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Fujioka K, Greenway F, Sheard J, Ying Y. The effects of grapefruit on weight and insulin resistance: Relationship to the metabolic syndrome. J Med Food. 2006 Spring; 9 (1): 49-54.

PubMed ID: 16579728
Study Design:
Randomized trial
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POSITIVE: See Research Design and Implementation Criteria Checklist below.
Research Purpose:

To look at the effects of whole grapefruit, grapefruit juice and grapefruit juice extract on weight and metabolic syndrome.

Inclusion Criteria:
  • Male and females with a body mass index (BMI) between 30 and 40 kg/m2
  • Stable weight within a 3kg range in the three months prior to the study
  • Willing to eat grapefruit daily and willing to avoid other citrus products during the study.
Exclusion Criteria:
  • Uncontrolled hypertension
  • Type 1 or type 2 diabetes, gastrointestinal surgery for obesity, moderate to severe gastrointestinal disorders, chronic renal disease or cardiovascular disease
  • Known liver disease (patients with increased liver function tests who were asymptomatic were included in the study)
  • Using cholesterol medications, planning to change smoking status or using medications known to interact with grapefruit
  • For those using replacement estrogen or thyroid hormones, on a stable dose for less than four months
  • Positive pregnancy test at the the start of the study for those of child-bearing potential.
Description of Study Protocol:


Subjects were recruited through print advertisement and flyers in the rooms of primary care physicians.


12-week, four-arm, double-blinded, placebo-controlled randomized trial

Dietary Intake/Dietary Assessment Methodology

Not used.

Blinding Used



  • Four arms (juice and capsules or placebo were consumed three times a day before each meal:
    • Grapefruit capsule group: Grapefruit capsules and 7 ounces of apple juice
    • Placebo group: Placebo capsules and 8 ounces of grapefruit juice
    • Grapefruit juice group: Placebo capsules and 8 ounces of grapefruit juice
    • Grapefruit group: One-half of a fresh grapefruit and placebo capsules
  • Juice was supplied in individual servings and subjects were given a two- to four-week supply at a time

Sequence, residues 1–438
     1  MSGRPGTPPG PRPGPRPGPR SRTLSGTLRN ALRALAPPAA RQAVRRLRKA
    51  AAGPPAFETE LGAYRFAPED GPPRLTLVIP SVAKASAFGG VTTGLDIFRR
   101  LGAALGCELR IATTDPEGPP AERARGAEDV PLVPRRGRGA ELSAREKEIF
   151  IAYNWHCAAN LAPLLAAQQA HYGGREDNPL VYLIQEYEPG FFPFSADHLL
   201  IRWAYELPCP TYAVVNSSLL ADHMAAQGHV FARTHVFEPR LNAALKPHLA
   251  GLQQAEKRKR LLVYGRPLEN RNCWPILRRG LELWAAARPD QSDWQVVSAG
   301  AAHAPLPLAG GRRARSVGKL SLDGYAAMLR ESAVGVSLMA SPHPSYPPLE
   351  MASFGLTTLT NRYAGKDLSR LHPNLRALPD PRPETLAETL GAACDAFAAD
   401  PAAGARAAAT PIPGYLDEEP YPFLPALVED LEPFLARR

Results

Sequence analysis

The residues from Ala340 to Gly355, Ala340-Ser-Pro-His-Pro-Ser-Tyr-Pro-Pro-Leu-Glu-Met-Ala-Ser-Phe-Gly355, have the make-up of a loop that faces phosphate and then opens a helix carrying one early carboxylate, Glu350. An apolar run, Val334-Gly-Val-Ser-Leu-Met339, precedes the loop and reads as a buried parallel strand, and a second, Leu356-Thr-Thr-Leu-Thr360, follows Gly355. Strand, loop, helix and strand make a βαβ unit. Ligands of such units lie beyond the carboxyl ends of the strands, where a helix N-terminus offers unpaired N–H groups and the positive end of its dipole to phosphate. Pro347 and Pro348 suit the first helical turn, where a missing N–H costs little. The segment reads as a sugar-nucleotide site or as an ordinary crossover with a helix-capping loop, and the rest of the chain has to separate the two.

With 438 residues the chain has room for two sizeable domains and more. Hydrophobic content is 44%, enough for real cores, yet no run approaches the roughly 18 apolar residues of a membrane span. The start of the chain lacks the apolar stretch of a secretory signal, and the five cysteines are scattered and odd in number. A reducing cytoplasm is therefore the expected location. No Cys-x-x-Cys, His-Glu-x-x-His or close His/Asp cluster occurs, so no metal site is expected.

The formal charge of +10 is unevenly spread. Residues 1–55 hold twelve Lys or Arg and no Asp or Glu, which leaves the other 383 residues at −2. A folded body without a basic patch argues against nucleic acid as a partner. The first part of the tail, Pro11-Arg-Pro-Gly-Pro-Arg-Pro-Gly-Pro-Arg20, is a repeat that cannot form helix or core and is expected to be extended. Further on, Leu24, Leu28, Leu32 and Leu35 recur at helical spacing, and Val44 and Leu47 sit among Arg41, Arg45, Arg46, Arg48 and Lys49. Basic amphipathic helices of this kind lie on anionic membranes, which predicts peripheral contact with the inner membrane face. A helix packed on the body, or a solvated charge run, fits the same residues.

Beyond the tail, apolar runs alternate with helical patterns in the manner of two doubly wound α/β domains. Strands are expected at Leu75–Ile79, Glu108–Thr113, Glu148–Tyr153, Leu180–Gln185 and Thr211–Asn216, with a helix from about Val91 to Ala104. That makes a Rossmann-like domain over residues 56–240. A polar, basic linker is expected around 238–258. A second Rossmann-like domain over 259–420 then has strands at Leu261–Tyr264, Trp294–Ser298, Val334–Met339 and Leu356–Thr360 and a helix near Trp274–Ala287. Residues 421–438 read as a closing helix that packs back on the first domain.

• Subjects were asked to continue on their usual diet
  • Subjects were encouraged to walk 20-30 minutes three or four times a week
  • Subjects were seen monthly for three months.

Statistical Analysis

  • Tukey's studentized range test was used to test for differences in weight, waist and BMI
  • The chi-square test was used to test for differences in race and gender
  • A mixed model was used to analyze the outcomes, weight, blood pressure and laboratory data
  • Analysis of variance and general linear models were used to analyze demographic data.
Data Collection Summary:

Timing of Measurements

  • After screening, subjects were seen monthly for three months
  • Body weight and blood pressure were obtained at each visit
  • Fasting blood samples were obtained at screening, at randomization, and at the final visit at the end of month three (electrolytes, blood urea nitrogen, liver function tests, lipids and complete blood count)
  • Two-hour glucose tests with insulin assays were done at the start of the study and on the final visit.

Dependent Variables

  • Body weight
  • Blood pressure
  • Waist circumference (WC)
  • High-density lipoprotein (HDL)
  • Triglycerides (TG)
  • Insulin
  • Fasting glucose
  • Glucose tolerance (two-hour insulin).

Independent Variables

  • Four diet arms:
    • Grapefruit capsule group
    • Placebo group
    • Grapefruit juice group
    • Grapefruit group. 

Control Variables


Description of Actual Data Sample:
  • Initial N: 91
    • 74 females
    • 17 males
  • Attrition (final N): 77
  • Age: Not reported
  • Ethnicity: 76% Caucasian
  • Other relevant demographics: None
  • Anthropometrics: Mean BMI was 35.6 kg/m2; 31 subjects had metabolic syndrome
  • Location: United States.


Summary of Results:

Key findings

  • Weight loss in the fresh grapefruit group (1.6kg) was significantly greater compared to placebo (0.3 kg) after 12 weeks of treatment (P=0.048)
  • There was a significant decrease in two-hour insulin in the grapefruit group compared to the grapefruit capsule group (P=0.046).

Changes Over 12-weeks of Treatment


Treatment Group


Control Group


Treatment Group


Treatment Group


Body weight loss (kg)


0.2 1.5 1.6

Other Findings

For the 31 subjects with metabolic syndrome, there was significantly more weight loss in the grapefruit capsule group (P= 0.02), the grapefruit capsule group (P=0.017), and the fresh grapefruit group (P=0.04) compared to the placebo group. In addition, two-hour insulin dropped significantly more in the grapefruit juice group compared with the grapefruit capsule group (P=0.01) and dropped more in the fresh grapefruit group compared to the grapefruit capsule group (P=0.01) and the placebo group (P=0.037).

Author Conclusion:

Eating half a fresh grapefruit before each meal three times a day is associated with weight loss over three months in obese subjects.

Reviewer Comments:

Study strengths:

  • Four arms with placebo control
  • Double-blinded.

Study limitations:

Did not measure treatment diet adherence or caloric intake.

Research Design and Implementation Criteria Checklist: Primary Research
Relevance Questions
  1. Would implementing the studied intervention or procedure (if found successful) result in improved outcomes for the patients/clients/population group? (Not Applicable for some epidemiological studies)
  2. Did the authors study an outcome (dependent variable) or topic that the patients/clients/population group would care about?
  3. Is the focus of the intervention or procedure (independent variable) or topic of study a common issue of concern to nutrition or dietetics practice?